6
\$\begingroup\$

Looks like one of the major problems of wireless energy transfer is efficiency. For example, Magne Charge high power charging system seems to have about 86% efficiency which means that quite a lot of energy is lost when passing several kilowatts of power.

Yet seems like Bombardier PRIMOVE technology is efficient enough for powering and in-road charging a moving bus or even a moving tramcar in a wireless manner - a ton of wires is installed under the road or the driveway and those wires are controlled by some clever service electronics to be energized when a vehicle is passing over them and act like a primary coil of a wireless energy transfer system. The vehicle is equipped with the secondary coil.

Each time I inquire about wireless energy transfer seems like the distance between the coils is one of the critical factor. In the above scenario there will be some clearance under the vehicle and also the wires will be installed into the road and so will be covered with asphalt or concrete, so the distance can't be less that say 0,2 meters. Also the vehicle is moving which means that its secondary coil won't be perfectly aligned with the wiring in the road.

How is efficient energy transfer possible is such setup?

\$\endgroup\$
  • \$\begingroup\$ Increasing the frequency helps: electronics.stackexchange.com/questions/25135/… \$\endgroup\$ – 0x6d64 Jan 17 '12 at 8:18
  • 1
    \$\begingroup\$ @0x6d64: Even Magne Charge with its increased frequency has something like 86% efficiency and it only works for a parked vehicle with the off-vehicle coupler aligned perfectly with the charging slot. This is why I'm asking. \$\endgroup\$ – sharptooth Jan 17 '12 at 8:30
7
\$\begingroup\$

Well if you would know the answer you could make a lot of money selling this technology. I think that there will always be a large loss. But there will be savings on the car side. The battery doesn't need to be as large as normally as it can be charged continuously. This is also better for batteries, better lots of small charges than emptying it completely.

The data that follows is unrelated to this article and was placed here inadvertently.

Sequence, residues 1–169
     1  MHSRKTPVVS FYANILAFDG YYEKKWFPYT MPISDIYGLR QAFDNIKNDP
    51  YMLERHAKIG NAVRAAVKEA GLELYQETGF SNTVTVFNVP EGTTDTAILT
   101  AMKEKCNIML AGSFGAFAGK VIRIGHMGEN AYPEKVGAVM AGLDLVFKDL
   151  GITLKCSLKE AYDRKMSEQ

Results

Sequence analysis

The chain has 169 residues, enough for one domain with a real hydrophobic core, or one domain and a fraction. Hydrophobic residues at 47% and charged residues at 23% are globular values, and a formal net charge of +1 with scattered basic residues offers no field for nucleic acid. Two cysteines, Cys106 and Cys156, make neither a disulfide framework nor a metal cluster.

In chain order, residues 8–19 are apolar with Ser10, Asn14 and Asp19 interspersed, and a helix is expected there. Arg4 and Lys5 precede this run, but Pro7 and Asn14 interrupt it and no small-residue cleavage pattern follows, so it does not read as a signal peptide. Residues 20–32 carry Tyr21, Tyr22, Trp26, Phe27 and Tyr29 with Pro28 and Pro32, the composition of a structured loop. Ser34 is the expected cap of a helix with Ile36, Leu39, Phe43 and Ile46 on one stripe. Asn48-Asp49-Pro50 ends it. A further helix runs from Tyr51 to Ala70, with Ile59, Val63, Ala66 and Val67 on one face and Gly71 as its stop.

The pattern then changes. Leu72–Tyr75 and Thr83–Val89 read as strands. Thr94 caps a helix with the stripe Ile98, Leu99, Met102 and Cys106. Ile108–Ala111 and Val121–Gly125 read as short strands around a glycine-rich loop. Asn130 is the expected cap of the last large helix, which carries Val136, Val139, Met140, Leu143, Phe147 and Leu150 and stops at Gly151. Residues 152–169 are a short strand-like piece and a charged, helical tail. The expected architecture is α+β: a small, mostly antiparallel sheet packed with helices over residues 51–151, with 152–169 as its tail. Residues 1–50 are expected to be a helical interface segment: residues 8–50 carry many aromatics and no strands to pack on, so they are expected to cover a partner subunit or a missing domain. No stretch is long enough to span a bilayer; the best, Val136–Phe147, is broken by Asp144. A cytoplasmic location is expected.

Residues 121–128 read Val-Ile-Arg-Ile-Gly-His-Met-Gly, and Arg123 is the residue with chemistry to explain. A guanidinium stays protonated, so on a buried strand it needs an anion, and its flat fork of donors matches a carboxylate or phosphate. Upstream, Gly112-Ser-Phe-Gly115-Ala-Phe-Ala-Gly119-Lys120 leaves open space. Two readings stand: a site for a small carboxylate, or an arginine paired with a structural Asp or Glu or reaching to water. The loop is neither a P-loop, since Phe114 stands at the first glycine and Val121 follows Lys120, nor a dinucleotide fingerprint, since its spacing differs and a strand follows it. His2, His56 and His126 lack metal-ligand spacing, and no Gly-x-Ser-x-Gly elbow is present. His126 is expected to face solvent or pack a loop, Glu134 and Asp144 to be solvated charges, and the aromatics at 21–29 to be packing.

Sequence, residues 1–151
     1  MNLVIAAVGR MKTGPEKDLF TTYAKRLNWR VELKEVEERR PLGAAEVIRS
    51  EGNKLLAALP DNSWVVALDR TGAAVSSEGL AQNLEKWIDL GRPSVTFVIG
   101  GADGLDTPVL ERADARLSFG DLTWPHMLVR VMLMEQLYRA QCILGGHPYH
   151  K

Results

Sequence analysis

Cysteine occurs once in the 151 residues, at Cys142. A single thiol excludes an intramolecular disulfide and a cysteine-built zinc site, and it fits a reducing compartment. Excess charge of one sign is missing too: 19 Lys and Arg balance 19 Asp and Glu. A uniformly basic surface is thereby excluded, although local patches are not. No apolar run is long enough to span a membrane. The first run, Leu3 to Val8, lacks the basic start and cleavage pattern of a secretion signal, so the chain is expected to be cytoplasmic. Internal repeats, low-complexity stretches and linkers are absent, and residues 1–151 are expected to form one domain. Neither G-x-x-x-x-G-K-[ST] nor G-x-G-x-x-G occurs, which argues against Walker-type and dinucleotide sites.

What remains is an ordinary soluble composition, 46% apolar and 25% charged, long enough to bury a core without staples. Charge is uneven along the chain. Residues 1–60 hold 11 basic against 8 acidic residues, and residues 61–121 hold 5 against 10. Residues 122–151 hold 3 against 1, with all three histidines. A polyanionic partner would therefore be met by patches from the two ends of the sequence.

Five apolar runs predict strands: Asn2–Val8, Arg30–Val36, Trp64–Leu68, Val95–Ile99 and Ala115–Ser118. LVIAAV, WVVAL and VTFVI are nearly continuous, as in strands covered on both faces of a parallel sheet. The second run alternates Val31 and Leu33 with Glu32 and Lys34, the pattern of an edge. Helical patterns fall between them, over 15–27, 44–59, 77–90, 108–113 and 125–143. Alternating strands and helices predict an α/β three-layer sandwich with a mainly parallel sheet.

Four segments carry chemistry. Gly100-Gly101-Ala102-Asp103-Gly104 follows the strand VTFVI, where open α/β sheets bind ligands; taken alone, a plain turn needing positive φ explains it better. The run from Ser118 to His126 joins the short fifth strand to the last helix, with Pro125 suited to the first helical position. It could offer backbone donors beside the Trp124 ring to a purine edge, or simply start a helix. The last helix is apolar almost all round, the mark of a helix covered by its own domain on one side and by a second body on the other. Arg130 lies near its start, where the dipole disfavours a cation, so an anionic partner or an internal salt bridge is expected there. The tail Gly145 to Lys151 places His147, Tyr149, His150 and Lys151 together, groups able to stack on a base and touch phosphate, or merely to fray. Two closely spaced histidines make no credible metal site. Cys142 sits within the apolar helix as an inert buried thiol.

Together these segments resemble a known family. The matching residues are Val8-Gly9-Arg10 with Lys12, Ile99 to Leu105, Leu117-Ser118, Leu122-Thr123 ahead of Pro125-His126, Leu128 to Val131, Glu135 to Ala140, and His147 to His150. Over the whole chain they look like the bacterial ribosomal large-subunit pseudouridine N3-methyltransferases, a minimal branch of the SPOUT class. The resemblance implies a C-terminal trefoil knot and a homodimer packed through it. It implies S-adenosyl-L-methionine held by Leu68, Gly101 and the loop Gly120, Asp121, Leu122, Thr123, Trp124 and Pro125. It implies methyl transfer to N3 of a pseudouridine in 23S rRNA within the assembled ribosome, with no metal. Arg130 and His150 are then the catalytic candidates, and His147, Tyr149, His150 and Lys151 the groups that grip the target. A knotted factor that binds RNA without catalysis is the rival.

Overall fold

\$\endgroup\$
  • \$\begingroup\$ Installation and maintenance fees make this thing really expensive to implement and run, so even having a prototype doesn't mean having a fortune. \$\endgroup\$ – sharptooth Jan 17 '12 at 8:13
  • 3
    \$\begingroup\$ Bombardier uses supercaps to store energy. The system is already in use on regular trams with overhead wire and is said to conserve up to 30% of power, by evening out the draw on the wire and by recycling energy from braking. \$\endgroup\$ – starblue Jan 17 '12 at 21:03
  • \$\begingroup\$ While allowing a smaller battery, some extra weight will be required in the car for the inductor coil. I assume that would easily make up some tens of kg. \$\endgroup\$ – JimmyB Aug 24 '12 at 12:45
  • \$\begingroup\$ Consider that the amount of copper required to include continuous inductive charging on every road would be absurdly large, and would drive up the price of copper for every other use. A half-mile tram loop is a drop in the ocean compared to the interstate road system. Roads are made of rocks and oil byproducts because that's what we have plenty of (for now). \$\endgroup\$ – Matt B. Aug 24 '12 at 18:33
3
\$\begingroup\$

Rotating transformer

The 4 tires is the parts closest to the road surface. The pickup zone of transfer can be near 100% efficient if the space inside the tires can be involved.

Embed 2 long wires in direction of road. They should match width of vehicles. Embed single turn shorted coil into each tire. Mount pickup coils anywhere around tire on the vehicle keeping the axes in parallel to wheels axes. The magnetic cores for pickup will be C-shaped "biting" into the wheel's "shorted coil".

The scheme is similar to rotating transformer. It was used in video tape recorders. Red is core. Black is copper. There can be more to it. Like C-shaped magnetic inlay around copper ring. Even embedded schematics into wheel, instead of single ring, etc. Red is core material. Black is copper. Note that there are NO electrical contacts, only gaps everywhere.

enter image description here

\$\endgroup\$
  • 1
    \$\begingroup\$ In the rotary heads of a VCR or DAT recorder the two coils are at a couple tenths of a mm apart. In your idea the coupling coefficients \$k\$ are low, especially the one between the wheels and the cable in the road. I can't give estimates for their values, though. In any case for a car the shorted wire in the wheels exists: it's the tire's steel cord reinforcement. \$\endgroup\$ – stevenvh Jun 2 '12 at 15:40
  • \$\begingroup\$ The gap in video transformers is between halfs of core, not between coils. Coils can be anywhere as they encircle the dissection of magnetic path. For 2 wires far apart and twisted every hundred feet, loaded with capacitor bank down the road say at 60 Hz there is no field related losses. At resonant currents of several Ampere nothing prohibits the same order of currents to exist in the ring. The only rule is that gap between ring and wires should be much less than distance between the wheels. With distance of single inches and in milliTesla range it is feasible way to deliver with low losses. \$\endgroup\$ – user924 Jun 2 '12 at 17:03
  • \$\begingroup\$ Does this mean that you require the same width for all vehicles? \$\endgroup\$ – clabacchio Jun 4 '12 at 15:09
  • \$\begingroup\$ Yes. But same width is already sort of established since the time of carets with 2 horses in a row. \$\endgroup\$ – user924 Jun 4 '12 at 23:00